Monday, October 10, 2016


Bitcoin is the original cryptocurrency gaining in popularity.  It has no central point of authority, and nothing backing its redemption.  Here are a few informative videos:

How does Bitcoin work?

What are the qualities of a good currency?

Bitcoin vs. the Federal Reserve:

Now, what are some of the economic concerns?  Could bitcoin go mainstream, or is it likely to just remain a component of black market transaction?  Since there is no central authority, it could never be used to affect monetary policy.  Is having a digital 'gold standard' better than a central fiat currency?  What about legal tender laws?  Also, bitcoin will not be inflationary within a few decades; is that a good for growth, or is it likely to end in failure?

Also, I have a small amount of bitcoin I would be willing to share.  If anyone brings a bitcoin wallet to SWEET, I would be happy to get them set up with some bitcoin and start transacting!


  1. Economic concerns: how would it be regulated worldwide or by country? what becomes of debt when it comes to bitcoin, i feel like bitcoin is not very likely to go mainstream because it doesn't really have anything backing it and this could bring some concerns for individuals. I think it's also difficult for people to understand what is truly going on when it comes to bitcoin because it requires a lot of math and shuffling around of numbers in order to i.e figure out a transaction cost and it isn't as reassuring as the dollar system is. I think Bitcoin could be positive because it is a universal currency, but it also comes down to how much value people are willing to put into bitcoin for it to surpass the dollar currency.

  2. Economic concerns of bitcoins center around regulations. Another concern that it brings up is how fast it gains popularity. As stated in one of the videos, the US dollar is losing is value. If bitcoins continue to increase, the US dollar will continue to lose value. Bitcoins seem to be an efficient market, but not everyone can participate. Due to the nature of the industry, accessibility is limited to only those with Internet access. There are less than half of the worldly population who have Internet access, and thus a majority of the world are unable to participate in this system. I personally think that bitcoin will not be mainstream, due to lack of centralized control. Bitcoins, as stated in the first video, work on a faith-based system. People are not always trustworthy, so this could be unappealing for those with trust issues. Other than Internet access limitation, bitcoins are not as simple as day-to-day monetary transactions. The bitcoin system requires more math skills and critical thinking. I would say that having a digital 'gold standard' is better than a central fiat currency, but it definitely has its downfalls. Bitcoins check off the four important qualities of currency, in that it stays valuable, has a limited supply, is divisible, and portable.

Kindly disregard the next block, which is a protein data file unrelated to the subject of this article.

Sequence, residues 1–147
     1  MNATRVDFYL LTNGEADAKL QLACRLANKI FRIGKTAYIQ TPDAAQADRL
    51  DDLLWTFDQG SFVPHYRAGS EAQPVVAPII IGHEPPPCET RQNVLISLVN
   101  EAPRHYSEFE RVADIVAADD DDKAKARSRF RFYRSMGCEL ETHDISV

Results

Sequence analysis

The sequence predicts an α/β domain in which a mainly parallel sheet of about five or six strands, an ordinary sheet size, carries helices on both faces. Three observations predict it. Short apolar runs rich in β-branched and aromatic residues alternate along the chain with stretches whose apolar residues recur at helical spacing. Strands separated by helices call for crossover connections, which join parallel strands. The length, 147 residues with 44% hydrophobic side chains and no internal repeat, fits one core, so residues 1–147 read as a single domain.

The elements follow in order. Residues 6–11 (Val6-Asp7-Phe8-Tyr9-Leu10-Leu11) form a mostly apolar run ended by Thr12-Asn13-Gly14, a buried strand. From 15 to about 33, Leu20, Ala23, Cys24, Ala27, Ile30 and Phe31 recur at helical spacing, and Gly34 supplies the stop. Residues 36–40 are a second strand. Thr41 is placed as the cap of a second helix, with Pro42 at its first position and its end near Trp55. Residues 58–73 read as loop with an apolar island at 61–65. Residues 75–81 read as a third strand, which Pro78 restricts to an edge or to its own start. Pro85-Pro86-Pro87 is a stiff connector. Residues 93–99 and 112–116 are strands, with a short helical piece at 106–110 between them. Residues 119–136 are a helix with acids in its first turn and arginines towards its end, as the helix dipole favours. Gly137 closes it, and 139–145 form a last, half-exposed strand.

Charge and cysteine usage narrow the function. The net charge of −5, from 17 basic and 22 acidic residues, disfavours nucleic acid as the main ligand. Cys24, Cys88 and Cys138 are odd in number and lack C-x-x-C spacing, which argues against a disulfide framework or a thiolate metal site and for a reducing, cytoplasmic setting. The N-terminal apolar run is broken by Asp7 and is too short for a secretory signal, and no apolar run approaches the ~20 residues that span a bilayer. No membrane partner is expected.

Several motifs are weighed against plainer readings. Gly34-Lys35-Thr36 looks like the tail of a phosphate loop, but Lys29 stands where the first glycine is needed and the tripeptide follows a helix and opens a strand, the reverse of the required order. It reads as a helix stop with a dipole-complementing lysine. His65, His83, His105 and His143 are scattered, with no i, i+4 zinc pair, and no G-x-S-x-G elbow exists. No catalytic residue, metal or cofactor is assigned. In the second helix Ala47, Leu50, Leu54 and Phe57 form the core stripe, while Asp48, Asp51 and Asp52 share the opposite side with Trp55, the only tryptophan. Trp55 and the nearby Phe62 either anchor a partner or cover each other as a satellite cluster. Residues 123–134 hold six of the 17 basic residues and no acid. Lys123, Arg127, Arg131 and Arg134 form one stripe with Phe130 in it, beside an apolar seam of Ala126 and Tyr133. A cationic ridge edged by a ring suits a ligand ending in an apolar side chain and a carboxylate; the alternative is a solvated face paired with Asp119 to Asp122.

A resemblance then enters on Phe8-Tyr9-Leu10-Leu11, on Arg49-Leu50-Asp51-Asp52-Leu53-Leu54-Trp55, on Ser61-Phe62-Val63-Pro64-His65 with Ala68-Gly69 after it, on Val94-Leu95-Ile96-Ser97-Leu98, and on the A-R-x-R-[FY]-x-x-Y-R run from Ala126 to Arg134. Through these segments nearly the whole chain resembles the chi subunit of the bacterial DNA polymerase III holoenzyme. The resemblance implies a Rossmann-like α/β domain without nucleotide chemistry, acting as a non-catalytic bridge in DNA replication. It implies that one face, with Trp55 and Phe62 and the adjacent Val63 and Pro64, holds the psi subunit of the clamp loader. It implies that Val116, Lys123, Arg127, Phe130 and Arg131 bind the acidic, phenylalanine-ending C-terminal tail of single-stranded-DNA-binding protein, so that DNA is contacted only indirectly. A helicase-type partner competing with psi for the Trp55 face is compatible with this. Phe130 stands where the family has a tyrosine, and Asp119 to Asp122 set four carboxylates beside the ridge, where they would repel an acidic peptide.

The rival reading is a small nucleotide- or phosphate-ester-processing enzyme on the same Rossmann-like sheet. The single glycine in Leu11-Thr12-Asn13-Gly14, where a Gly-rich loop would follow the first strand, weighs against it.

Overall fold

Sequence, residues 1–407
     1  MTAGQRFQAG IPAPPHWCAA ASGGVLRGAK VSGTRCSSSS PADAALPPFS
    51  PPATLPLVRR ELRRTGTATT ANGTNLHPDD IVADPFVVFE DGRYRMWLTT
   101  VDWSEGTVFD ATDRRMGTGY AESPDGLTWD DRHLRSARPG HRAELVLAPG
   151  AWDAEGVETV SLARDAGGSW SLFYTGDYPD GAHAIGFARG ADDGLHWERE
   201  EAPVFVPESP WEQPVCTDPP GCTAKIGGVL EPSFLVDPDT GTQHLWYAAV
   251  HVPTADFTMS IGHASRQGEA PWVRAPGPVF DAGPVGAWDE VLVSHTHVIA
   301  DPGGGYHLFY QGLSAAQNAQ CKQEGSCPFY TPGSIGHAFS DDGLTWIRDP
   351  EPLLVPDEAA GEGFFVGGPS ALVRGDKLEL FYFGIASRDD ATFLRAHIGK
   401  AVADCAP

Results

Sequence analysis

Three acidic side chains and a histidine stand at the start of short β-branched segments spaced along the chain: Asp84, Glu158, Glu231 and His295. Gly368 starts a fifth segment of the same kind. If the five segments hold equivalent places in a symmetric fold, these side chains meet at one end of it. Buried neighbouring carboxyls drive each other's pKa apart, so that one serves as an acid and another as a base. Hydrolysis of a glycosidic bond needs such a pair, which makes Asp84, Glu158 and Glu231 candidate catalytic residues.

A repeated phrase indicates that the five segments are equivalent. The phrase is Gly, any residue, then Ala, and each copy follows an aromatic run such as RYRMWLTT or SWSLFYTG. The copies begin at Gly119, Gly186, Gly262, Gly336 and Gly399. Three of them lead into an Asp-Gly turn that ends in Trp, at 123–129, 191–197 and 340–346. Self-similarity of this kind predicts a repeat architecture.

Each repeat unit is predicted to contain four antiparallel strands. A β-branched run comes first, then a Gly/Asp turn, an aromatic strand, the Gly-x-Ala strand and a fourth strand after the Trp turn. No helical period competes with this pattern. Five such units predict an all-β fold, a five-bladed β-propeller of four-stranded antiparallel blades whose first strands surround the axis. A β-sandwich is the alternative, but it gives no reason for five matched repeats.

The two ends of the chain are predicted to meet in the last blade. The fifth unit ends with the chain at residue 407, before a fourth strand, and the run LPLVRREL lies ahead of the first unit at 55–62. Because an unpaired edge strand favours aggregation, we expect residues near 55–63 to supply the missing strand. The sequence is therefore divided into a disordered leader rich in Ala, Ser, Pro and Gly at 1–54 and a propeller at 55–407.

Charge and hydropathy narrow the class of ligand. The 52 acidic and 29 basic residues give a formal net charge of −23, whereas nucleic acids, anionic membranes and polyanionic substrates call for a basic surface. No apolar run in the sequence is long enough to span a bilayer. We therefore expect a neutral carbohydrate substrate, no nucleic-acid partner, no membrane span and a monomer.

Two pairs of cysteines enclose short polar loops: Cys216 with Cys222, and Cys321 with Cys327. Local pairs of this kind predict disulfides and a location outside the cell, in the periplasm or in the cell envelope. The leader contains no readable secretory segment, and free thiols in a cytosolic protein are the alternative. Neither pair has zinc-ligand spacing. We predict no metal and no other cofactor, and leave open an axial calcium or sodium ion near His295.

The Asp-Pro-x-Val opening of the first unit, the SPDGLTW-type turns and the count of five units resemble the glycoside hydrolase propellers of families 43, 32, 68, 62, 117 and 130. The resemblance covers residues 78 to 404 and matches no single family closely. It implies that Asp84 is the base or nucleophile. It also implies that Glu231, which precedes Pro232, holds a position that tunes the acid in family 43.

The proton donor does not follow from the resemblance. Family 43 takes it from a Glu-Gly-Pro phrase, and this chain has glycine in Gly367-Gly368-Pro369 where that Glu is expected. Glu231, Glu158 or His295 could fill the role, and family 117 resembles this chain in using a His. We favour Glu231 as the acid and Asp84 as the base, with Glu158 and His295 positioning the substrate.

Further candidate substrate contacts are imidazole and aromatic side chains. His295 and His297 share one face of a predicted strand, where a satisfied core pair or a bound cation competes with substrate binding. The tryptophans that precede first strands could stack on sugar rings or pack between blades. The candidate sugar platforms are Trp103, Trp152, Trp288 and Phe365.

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    1. I think the previous posters had some good points. However, at this point, I think that arguments against Bitcoin based on “faith” don’t seem particularly germane. As far as I understand, nearly all currencies are "faith"-based. The United States' gold holdings are about 4.5% of the currency in circulation. The U.K.'s gold holdings are about 4%. In comparison, Mongolia's gold supply is 5% of its currency, and they are one of the few countries trying to ramp up their gold holdings. Even then, Mongolia's currency's value boils down to whether or not we trust it to be worth a goat, gallon of milk or a car. Given this, I see very little difference between any national currency and Bitcoin.

      As far as the idea that Bitcoin is designed to be non-inflationary, I don't really have a problem with this. Bitcoin, being digital, is divisible to the upteenth decimal place and can be divided well beyond a millionth, the current smallest division of a Bitcoin. This is important because limits on the number of Bitcoin in existence will drive up the value of Bitcoin as the currency is adopted by more and more people. It wasn't even a decade ago when an early adopter of Bitcoin traded in 10,000 Bitcoin for 2 pizzas. Currently, a bitcoin is being traded for over 600 dollars, and it continues to appreciate each year. That said, I think there are some advantages to inflation. We focus a lot on the fact that our money devalues itself in the long run, but it means we need to keep creating wealth. This is not a bad thing as it keeps money in the system and people innovating.

      The one issue I see is that the U.S. government doesn’t like the existence of alternate standard currencies. Just as the online gold-backed currencies of E-gold and GoldMoney failed after being prosecuted under a loose interpretation of the U.S. Patriot Act by the federal government, it is likely that the legal system will be brought in to suppress Bitcoin. Further, one of the basic premises of Bitcoin is the system that distributes Bitcoin is based on calculations and is limited by the cost of powering the computers which generate the answers to these calculations. However, what happens when a government decides to use cutting edge supercomputers with near infinite kW-hrs of power to mine Bitcoin? Any Bitcoin held by a hostile party can be used to create Bitcoin market instabilities, and generates doubt in the value of Bitcoin.

      I don’t know enough about Bitcoin to have a strong opinion about the currency, but I see no problem with its continued use and adoption. If anything, I think that it is an interesting test case for a future where paper currency is replaced by digital currency.